James Roper-Caldbeck builds some of the cleanest vintage Harleys in the business. Working from a small workshop in Copenhagen, Denmark, he focuses on quality rather than quantity. But the most surprising thing about this machine—crafted around a 1964 FLH panhead motor—is that it was built in five weeks.
According to James, “The bike was just sat in the corner, made up of parts from the shelves, or parts left over from past builds. It had a cheap knuckle/pan frame, an old Sportster front end, rusty 21” and 19” rims and bent bars. You get the picture.” The picture doesn’t sound promising, but in January, two things spurred James into action: he decided he wanted to show two bikes at the Mooneyes Sweden show, and he became obsessed with aluminum.
Although James had just five weeks to put the panhead together for the show, the good news was that he had virtually all the materials he needed—as well as his renowned talent for fabrication and custom building.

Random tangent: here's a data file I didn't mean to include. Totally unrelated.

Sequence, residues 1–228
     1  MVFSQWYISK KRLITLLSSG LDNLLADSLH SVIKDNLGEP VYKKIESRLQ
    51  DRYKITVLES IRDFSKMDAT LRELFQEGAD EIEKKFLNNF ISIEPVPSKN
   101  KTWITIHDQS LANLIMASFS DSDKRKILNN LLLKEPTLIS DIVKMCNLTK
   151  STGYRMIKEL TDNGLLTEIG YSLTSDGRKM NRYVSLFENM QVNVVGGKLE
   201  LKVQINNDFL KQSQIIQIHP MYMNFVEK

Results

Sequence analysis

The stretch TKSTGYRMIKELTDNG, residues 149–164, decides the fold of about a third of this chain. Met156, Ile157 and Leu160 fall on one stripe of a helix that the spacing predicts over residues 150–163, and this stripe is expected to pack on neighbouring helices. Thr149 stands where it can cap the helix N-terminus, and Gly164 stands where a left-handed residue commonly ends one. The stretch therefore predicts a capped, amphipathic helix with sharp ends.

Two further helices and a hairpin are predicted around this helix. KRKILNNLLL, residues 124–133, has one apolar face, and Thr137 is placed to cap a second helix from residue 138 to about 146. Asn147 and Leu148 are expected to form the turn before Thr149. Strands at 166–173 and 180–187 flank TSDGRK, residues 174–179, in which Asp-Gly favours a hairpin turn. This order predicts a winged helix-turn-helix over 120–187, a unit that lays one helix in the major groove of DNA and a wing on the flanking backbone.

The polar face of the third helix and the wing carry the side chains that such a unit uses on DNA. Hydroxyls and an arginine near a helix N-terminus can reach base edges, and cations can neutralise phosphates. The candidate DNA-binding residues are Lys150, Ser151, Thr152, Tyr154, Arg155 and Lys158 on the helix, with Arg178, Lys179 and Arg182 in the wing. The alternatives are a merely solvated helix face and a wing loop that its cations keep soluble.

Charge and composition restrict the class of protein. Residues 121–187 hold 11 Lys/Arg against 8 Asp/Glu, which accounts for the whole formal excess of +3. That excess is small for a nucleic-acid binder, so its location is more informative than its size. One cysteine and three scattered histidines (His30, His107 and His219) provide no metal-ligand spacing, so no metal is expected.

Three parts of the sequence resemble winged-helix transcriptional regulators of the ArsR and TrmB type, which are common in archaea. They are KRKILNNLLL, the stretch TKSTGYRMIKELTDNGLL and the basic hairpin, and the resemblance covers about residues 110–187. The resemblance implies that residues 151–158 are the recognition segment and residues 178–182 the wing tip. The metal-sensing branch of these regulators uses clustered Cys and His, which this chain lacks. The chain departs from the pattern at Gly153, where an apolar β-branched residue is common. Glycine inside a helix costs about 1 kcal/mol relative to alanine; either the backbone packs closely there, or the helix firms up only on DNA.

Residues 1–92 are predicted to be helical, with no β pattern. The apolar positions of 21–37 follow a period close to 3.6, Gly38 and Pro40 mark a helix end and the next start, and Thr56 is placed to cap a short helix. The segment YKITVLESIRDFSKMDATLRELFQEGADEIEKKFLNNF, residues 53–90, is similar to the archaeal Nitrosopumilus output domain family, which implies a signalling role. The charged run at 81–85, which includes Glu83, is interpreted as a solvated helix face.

The first week was spent doing a complete rough build. In the second week, all the fabrication was completed (including the seat and pegs), parts were chromed, and the frame was sent out for paint. In the third week, James rebuilt the engine, transmission and forks. In the fourth week he cleaned, painted and polished all the other parts. And in the fifth week he put the panhead back together and wired it up.
“I enjoy a good deadline,” says James, “The only trouble with building a bike so quickly is that you can’t take your time with the design. You just have to go with it and hope for the best.”